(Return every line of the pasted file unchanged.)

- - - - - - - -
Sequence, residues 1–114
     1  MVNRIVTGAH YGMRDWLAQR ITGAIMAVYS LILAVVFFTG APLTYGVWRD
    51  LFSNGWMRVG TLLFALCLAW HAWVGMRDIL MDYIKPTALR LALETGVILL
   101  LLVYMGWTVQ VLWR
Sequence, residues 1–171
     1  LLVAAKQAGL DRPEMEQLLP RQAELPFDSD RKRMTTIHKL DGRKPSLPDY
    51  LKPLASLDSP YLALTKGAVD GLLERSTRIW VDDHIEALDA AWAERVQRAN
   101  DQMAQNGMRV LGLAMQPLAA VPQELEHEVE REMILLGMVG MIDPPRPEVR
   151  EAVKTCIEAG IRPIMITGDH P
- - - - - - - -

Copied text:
Sequence, residues 1–114
     1  MVNRIVTGAH YGMRDWLAQR ITGAIMAVYS LILAVVFFTG APLTYGVWRD
    51  LFSNGWMRVG TLLFALCLAW HAWVGMRDIL MDYIKPTALR LALETGVILL
   101  LLVYMGWTVQ VLWR
Sequence, residues 1–171
     1  LLVAAKQAGL DRPEMEQLLP RQAELPFDSD RKRMTTIHKL DGRKPSLPDY
    51  LKPLASLDSP YLALTKGAVD GLLERSTRIW VDDHIEALDA AWAERVQRAN
   101  DQMAQNGMRV LGLAMQPLAA VPQELEHEVE REMILLGMVG MIDPPRPEVR
   151  EAVKTCIEAG IRPIMITGDH P